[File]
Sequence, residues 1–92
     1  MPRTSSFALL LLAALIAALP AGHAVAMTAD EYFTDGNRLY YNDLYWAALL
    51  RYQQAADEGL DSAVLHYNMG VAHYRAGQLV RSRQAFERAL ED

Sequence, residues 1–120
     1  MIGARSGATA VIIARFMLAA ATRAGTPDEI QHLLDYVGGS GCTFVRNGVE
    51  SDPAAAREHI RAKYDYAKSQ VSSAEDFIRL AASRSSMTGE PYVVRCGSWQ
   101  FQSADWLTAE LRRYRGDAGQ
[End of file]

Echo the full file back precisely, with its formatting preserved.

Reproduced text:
Sequence, residues 1–92
     1  MPRTSSFALL LLAALIAALP AGHAVAMTAD EYFTDGNRLY YNDLYWAALL
    51  RYQQAADEGL DSAVLHYNMG VAHYRAGQLV RSRQAFERAL ED

Sequence, residues 1–120
     1  MIGARSGATA VIIARFMLAA ATRAGTPDEI QHLLDYVGGS GCTFVRNGVE
    51  SDPAAAREHI RAKYDYAKSQ VSSAEDFIRL AASRSSMTGE PYVVRCGSWQ
   101  FQSADWLTAE LRRYRGDAGQ